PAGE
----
Meet Homo Bodoensis, a Newly Proposed Direct Ancestor of Humans

An international team of experts has proposed that a new species of extinct human, Homo bodoensis, classified as a direct progenitor of us, modern humans, in order to simplify the jumbled account of human development. Their new identification, which was published in the journal Evolutionary Anthropology Issues News and Reviews, is based on a reevaluation of existing fossils from Africa and Eurasia that date from 774,000 to 129,000 years ago, a crucial time period that saw the emergence of our own species (Homo sapiens) in Africa and the Neanderthals (Homo neanderthalensis), our closest relatives, in Europe.

So many of the species’ classifications questioned and debated, the Middle Pleistocene known as the “muddle in the middle.” The present understanding of human evolution is not a clean family tree, but an intertwined and complex journey with yawning information gaps, far from the famous “Evolution of Man” graphic. This is especially true for this time, which the authors of this new study hope to, shed some light on.

Many Middle Pleistocene specimens from Eurasian and African regions have been mislabeled as Homo heidelbergensis — regarded by some to be the most recent common ancestor of modern humans and Neanderthals — or Homo rhodesiensis — a closely related species to H. heidelbergensis. In this latest study, the researchers propose that majority of these fossils should instead be classified as H. Bodoni’s.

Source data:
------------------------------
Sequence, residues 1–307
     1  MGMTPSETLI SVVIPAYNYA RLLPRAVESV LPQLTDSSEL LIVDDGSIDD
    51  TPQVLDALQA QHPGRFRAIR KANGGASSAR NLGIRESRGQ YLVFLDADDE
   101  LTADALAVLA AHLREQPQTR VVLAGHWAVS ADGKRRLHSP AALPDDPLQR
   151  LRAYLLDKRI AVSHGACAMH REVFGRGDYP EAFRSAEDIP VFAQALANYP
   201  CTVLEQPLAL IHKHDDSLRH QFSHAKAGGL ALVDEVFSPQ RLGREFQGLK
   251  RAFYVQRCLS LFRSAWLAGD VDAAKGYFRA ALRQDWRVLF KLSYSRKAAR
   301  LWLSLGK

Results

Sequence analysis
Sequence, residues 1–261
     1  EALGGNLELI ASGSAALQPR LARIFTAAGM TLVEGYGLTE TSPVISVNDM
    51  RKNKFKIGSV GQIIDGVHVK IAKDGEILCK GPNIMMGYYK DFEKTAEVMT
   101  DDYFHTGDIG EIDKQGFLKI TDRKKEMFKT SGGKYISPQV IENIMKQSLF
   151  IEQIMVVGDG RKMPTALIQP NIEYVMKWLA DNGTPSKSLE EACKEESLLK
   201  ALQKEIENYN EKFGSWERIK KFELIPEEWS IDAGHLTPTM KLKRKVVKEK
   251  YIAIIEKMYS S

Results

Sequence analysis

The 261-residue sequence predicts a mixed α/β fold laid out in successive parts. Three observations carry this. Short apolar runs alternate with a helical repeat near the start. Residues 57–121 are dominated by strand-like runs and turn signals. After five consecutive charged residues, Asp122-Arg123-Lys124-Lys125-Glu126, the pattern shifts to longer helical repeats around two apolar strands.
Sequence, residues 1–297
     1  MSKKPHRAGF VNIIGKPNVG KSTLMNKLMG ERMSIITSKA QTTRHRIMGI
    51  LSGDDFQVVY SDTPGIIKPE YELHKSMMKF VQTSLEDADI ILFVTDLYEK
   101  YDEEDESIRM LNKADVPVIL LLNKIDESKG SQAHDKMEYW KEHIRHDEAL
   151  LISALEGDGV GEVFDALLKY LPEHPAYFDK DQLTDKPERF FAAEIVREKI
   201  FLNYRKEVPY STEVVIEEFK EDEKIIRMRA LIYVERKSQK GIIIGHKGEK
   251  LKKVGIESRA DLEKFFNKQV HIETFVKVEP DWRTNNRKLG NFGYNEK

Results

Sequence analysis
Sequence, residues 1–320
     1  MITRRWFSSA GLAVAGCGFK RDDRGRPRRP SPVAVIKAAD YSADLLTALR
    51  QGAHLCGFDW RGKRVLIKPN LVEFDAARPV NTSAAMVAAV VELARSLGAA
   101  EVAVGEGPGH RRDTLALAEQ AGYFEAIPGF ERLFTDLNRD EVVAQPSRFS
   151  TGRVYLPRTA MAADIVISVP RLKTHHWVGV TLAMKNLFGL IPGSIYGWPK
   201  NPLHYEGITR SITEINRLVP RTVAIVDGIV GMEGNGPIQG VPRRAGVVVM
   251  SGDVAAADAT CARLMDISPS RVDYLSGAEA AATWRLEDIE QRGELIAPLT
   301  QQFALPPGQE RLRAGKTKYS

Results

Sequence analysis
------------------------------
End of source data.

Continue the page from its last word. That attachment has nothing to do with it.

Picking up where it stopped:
They contend that the name H. heidelbergensis is superfluous because many of the specimens discovered are early Neanderthals, not a parent species of modern humans and Neanderthals. Furthermore, other fossil hominins from East Asia during this period are not included in the term. Similarly, the name H. rhodesiensis has remained ill-defined and controversial among palaeoanthropologists. Due to its link with Cecil Rhodes, a prominent 19th-century British imperialist, mining tycoon, and politician who played a key role in the atrocities of colonial southern Africa, the name has sparked considerable debate. The name bodoensis refers to a site in Ethiopia where one of the fossils was discovered, Bodo Dear.

H. heidelbergensis and H. rhodesiensis will largely eliminate under the new classification. H. bodoensis, on the other hand, will use to characterize most Middle Pleistocene people from Africa, as well as some from Southeast Europe. The study believes that the surviving fossils in Eurasia might be class as Neanderthals. Obviously, this “one size fits all” approach will not appeal to everyone. However, the researchers suggest that it is a crucial step to clear up the “muddle in the middle” and make it simpler to speak about this pivotal period in human evolution.

Dr. Mirjana Roksandic, principal research author and palaeoanthropologist at the University of Winnipeg, stated in a statement “talking about human evolution during this time period became hard owing to the absence of correct vocabulary that reflects human regional heterogeneity.” “The International Commission on Zoological Nomenclature authorizes name modifications only under very rigorous conditions; therefore naming a new species is a significant issue.” We are optimistic that this one will last a long time; a new taxon name will only live if it is used by other researchers.”